All posts by John Cameron

Hello Sunny Fort Lauderdale

Mention Fort Lauderdale and the first thing most people think of is spring break. But if you’re worried about being caught in a hazing ritual in a hotel elevator, fuggetaboutit. The spring break crowd has long graduated, gotten jobs and moved on.

Not that Fort Lauderdale doesn’t have a youthful vibe. Fort Lauderdale’s arts and entertainment area, known as the Riverwalk Arts & Entertainment District, has the impressive NSU Art Museum.

Frank Stella at NSU Art Museum Fort Lauderdale
Frank Stella at NSU Art Museum photo credit: Sherel Purcell

Highlights of  the permanent collection’s 6000 pieces include the largest US collection of William Glacken’s work, avant-garde CoBrA artists from Copenhagen, Brussels and Amsterdam and works by leading Latin American artists.  

Its distinctive modernist building, designed by the renowned architect Edward Larrabee Barnes is a short walk to the shops, restaurants and galleries of vibrant Las Olas Boulevard as well as to the picturesque Riverwalk waterfront promenade.

The district runs east-west along Las Olas Boulevard, from the beach to the heart of downtown, easily traversed aboard a cute trolley.

Homes along canals Fort Lauderdale
Homes along canals Fort Lauderdale photo credit: John Cameron

Another fun way to see Fort Lauderdale is by water taxi. Often called the Venice of America for its extensive network of canals, Fort Lauderdale has Venice beat with its 165 miles of waterways compared to Venice’s 26 miles of waterways and canals.

Fort Lauderdale has something for history buffs as well. But If you’re hoping to see forts here, like the 315-year-old Castillo de San Marcos in St. Augustine, you’ll be disappointed.  At the end of the conflict the forts were abandoned and it took 50 years before the development of the city began. Fort Lauderdale is named for William Lauderdale who built the first fort during the Second Seminole War in Florida.

Bonnet House Museum & Gardens
The Bonnet House Museum & Gardens photo credit: Sherel Purcell

Instead, for a rare glimpse into old South Florida, visit the colorful Bonnet House, listed on the National Register of Historic places. Hugh Taylor Birch gave the house and property to his daughter Helen and her husband, Chicago artist Frederic Clay Bartlett as a wedding gift in 1919.

Hugh Taylor Birch came to Florida in 1893 and purchased ocean-front property for a dollar an acre. Wishing to keep the natural environment from development, he donated his estate to Fort Lauderdale with the proviso that it remain a public park.

Hugh Taylor Birch State Park, located between the Atlantic Ocean and the Intracoastal Waterway, is a 180-acre island of trees and greenery in the middle of urban Fort Lauderdale. The park features nature trails, canoeing, camping and picnicking areas, and features the Terramar Visitor Center, with exhibits about the ecosystem of the park. The on site outdoor tiki-type bar makes a fun happy hour stop after a warm afternoon of hiking.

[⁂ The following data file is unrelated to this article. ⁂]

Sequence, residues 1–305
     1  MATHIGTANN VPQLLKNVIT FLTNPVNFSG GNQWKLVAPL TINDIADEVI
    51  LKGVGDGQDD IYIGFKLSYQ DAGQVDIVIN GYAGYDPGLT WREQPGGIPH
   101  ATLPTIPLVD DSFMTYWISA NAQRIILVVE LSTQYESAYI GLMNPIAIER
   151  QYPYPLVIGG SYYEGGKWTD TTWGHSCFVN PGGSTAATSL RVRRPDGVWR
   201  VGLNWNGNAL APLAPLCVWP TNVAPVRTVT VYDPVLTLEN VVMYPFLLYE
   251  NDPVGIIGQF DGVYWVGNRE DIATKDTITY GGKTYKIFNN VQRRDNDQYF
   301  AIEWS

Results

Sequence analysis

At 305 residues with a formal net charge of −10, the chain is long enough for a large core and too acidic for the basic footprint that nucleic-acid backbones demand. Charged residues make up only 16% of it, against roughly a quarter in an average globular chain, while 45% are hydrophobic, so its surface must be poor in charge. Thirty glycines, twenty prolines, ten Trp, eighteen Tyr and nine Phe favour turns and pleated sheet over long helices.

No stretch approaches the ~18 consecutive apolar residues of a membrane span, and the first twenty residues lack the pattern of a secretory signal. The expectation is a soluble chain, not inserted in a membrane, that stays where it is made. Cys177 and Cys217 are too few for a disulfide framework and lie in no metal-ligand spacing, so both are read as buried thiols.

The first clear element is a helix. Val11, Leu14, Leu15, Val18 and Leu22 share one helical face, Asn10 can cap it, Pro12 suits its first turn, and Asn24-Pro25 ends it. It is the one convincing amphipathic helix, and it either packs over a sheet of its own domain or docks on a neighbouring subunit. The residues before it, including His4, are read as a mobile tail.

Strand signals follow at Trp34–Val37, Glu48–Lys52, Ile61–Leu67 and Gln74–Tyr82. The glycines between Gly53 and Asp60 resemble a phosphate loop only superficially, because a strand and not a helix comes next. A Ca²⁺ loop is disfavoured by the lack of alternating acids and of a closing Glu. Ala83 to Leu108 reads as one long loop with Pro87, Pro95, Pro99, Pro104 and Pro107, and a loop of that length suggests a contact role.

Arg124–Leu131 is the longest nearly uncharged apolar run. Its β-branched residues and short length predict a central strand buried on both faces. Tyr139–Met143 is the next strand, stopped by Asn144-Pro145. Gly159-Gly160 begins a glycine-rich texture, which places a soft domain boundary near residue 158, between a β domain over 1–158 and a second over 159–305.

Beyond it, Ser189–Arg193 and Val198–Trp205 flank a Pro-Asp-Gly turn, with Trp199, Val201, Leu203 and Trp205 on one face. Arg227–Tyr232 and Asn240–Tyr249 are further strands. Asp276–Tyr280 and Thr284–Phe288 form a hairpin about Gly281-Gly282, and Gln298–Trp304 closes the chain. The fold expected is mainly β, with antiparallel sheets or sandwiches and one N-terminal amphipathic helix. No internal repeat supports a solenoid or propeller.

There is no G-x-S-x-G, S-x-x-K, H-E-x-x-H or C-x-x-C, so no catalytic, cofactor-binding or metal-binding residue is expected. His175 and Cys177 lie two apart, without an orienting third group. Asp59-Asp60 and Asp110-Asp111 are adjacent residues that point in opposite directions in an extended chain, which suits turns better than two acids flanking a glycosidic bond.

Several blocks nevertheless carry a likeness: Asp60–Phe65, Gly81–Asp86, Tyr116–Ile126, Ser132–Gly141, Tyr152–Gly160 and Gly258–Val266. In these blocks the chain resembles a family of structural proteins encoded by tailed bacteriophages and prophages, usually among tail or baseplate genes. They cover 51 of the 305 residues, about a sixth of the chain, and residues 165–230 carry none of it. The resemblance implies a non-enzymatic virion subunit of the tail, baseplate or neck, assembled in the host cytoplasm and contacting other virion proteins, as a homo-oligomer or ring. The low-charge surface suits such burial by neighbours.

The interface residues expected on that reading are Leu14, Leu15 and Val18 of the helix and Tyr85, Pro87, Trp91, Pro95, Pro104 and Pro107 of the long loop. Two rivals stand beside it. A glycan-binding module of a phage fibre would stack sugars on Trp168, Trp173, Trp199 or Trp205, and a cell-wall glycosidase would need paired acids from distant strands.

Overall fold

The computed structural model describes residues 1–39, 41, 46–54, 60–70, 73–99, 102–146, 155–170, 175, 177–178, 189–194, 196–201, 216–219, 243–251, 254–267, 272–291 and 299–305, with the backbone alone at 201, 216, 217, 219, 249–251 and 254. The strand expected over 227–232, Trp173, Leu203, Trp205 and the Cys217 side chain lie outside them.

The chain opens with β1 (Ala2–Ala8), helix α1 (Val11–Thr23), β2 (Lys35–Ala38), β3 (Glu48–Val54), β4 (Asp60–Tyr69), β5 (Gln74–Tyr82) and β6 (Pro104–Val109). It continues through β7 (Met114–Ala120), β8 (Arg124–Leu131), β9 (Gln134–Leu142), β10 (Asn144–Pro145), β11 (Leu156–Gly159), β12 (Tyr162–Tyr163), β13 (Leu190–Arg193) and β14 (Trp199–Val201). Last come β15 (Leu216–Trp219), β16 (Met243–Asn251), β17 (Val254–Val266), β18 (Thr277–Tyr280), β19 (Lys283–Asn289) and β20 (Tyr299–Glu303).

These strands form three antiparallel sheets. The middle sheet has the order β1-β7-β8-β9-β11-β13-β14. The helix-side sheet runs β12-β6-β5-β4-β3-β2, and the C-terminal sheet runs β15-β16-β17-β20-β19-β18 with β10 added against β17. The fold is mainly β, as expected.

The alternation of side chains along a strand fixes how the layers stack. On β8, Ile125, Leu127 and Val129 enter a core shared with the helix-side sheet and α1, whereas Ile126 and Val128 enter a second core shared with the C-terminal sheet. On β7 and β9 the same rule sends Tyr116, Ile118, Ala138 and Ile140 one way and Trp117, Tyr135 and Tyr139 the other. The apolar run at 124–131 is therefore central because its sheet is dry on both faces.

For swimmers and fans of the sport, there’s The International Swimming Hall of Fame, that houses a large aquatic complex as well as a museum, theater, and research library.

Where to Stay

Sonesta Fort Lauderdale Beach

Sonesta Fort Lauderdale Beach
Lobby Sonesta Fort Lauderdale Beach photo credit: Sherel Purcell

Overlooking Fort Lauderdale beach, Sonesta Fort Lauderdale Beach hotel features 240 modern guest rooms with on-site amenities, open to guests throughout the day and night. Guests of the hotel can sample daily happy hour creations such as Taco Tuesdays.

The “ beachy chic” Bistro at Sonesta Fort Lauderdale is the perfect blend of contemporary casual and a professional full-service restaurant serving breakfast, lunch and dinner in a recently redesigned space with white-washed wood floors and cool blue, leather furnishings and walls.

 Hilton Fort Lauderdale Beach Resort

Hilton Fort Lauderdale Beach Resort
Hilton Fort Lauderdale Beach Resort photo credit: John Cameron

Just steps from the beach, the Hilton Fort Lauderdale Beach Resort features spacious guest rooms with great ocean views from private balconies.

Guests have three great options for dining at the Hilton, the casual and contemporary S3, Ilios and Marche. At S3 try the burrata salad with faro, the chili-rubbed bavette steak perfectly grilled medium-rare and the grilled octopus sitting atop giganda beans and salsa verde. For dessert, try their panna cotta served with strawberries and blackberries.

Atlas Lobby Bar at The Conrad
Atlas Lobby Bar at The Conrad photo credit: John Cameron

Next door to the Hilton Beach Resort, The Conrad, the Hilton’s hip younger sister offers a cool, contemporary cocktail bar.  Try the Old & Smokey if you enjoy an Old Fashioned – the great presentation matches the drink. WOW. We also enjoyed the swordfish empanadas and the smoked salmon pizza.

South Florida Food Tours

Tailored for small groups of foodies, South Florida Food Tours offer a great introduction to local ethnic restaurants. The tour operates on a “dine-around “ system so that different course and drinks occur at different venues punctuated with lively commentary and fun facts on the scene.